A Community Devoted to the Preservation and Practice of Celestial Navigation and Other Methods of Traditional Wayfinding
From: Alan S
Date: 2019 Nov 19, 19:44 -0800
While retired now, I was for many years employed as a designer/ draftsman involved mostly with oil refinery and chemical plant equipment arrangement and what was known as Piping Design, more accurately the physical arrangement of piping systems.
Respecting pipe fabrication, we had to provide the fabricator with detail drawings and dimensions to 1/16 th of an inch. No way one could do these sorts of calculations with a slide rule, we used Smoley's Parallel Tables of Logs and Squares, this being long before the advent of electronic calculators. I came to celestial navigation late in the game, and in any event, I'm not a boating type.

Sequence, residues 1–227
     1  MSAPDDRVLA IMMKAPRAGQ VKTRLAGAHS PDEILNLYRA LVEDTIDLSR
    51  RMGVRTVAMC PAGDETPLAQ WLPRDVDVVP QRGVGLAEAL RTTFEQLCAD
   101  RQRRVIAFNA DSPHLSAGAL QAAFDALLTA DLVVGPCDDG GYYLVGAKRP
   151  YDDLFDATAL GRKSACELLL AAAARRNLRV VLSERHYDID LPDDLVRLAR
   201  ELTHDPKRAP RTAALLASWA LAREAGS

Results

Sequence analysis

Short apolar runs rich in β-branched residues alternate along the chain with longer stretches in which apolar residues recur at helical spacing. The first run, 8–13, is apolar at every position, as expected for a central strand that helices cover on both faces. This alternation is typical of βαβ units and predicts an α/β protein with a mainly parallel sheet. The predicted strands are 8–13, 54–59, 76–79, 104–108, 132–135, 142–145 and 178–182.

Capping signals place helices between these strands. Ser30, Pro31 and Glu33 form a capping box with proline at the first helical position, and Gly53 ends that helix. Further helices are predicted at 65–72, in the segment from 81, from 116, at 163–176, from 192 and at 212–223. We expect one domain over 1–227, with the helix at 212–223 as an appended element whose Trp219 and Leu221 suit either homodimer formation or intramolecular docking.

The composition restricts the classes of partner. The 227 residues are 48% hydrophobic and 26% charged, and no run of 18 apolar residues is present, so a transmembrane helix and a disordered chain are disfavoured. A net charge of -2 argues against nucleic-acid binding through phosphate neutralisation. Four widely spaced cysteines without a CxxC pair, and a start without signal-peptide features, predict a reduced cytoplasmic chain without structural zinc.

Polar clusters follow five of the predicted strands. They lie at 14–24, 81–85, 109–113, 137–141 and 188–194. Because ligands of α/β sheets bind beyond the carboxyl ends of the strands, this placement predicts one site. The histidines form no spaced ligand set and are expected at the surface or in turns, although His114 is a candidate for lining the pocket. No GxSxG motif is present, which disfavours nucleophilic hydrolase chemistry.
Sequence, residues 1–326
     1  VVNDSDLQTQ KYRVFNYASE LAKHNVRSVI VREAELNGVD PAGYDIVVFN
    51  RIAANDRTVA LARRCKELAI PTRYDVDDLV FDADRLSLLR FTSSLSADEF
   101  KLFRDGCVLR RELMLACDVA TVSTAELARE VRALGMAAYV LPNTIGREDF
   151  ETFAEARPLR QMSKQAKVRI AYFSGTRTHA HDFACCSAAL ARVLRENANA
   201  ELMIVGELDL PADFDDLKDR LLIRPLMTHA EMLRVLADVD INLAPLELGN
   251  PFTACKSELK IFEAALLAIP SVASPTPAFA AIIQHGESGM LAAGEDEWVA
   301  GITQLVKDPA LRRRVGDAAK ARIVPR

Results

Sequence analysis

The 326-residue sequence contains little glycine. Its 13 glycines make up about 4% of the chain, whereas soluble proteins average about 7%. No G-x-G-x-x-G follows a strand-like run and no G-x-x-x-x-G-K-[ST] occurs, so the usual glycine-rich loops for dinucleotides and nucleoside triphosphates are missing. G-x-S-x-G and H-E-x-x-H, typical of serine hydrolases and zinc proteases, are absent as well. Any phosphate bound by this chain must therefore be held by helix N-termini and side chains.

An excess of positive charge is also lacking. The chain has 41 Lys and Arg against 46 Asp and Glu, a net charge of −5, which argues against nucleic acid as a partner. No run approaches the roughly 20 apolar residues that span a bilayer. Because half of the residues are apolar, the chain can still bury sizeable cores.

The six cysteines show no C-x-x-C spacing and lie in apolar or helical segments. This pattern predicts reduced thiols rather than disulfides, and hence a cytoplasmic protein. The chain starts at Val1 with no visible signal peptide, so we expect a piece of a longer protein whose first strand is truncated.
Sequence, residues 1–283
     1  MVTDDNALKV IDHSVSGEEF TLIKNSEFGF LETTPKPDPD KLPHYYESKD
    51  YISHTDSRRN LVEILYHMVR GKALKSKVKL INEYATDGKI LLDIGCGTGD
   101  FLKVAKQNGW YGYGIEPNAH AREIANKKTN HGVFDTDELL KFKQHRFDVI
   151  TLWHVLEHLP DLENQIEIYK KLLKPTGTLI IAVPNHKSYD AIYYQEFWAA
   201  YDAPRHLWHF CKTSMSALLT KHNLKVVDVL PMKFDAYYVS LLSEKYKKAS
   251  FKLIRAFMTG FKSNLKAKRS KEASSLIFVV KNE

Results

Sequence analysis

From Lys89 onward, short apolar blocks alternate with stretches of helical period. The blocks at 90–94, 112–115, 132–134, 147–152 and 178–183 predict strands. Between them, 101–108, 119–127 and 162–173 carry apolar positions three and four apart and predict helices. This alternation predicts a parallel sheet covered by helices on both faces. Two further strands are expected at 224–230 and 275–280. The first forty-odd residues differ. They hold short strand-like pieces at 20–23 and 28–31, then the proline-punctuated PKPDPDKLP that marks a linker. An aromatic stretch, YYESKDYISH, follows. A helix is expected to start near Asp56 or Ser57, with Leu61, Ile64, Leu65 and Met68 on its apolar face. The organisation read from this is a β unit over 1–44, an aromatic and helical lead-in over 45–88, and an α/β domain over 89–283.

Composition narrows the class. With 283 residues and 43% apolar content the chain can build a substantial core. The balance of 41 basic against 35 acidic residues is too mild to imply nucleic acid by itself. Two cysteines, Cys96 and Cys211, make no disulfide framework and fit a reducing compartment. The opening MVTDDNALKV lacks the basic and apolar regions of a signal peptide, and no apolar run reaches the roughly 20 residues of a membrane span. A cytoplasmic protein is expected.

In any event, Slide Rules while no longer much used had one great virtue, that being as follows. For a quick solution of numerical calculations, if the answers obtained with a slide rule were far removed from answers obtained via other methods of calculation, the answers obtained via "other" methods would usuaIly wrong. I still have a number of slide rules laying around, both "stick"or conventional, as well as circular, that I now and then pull out of storage, and run some numbers with, . Strange to note, 2 x 2 invariably end up equaling 4, using pencil and paper, electronic calculators or a slide rule. Respecting the devices you mentioned, I'm unfamiliar with them, though no doubt, they served.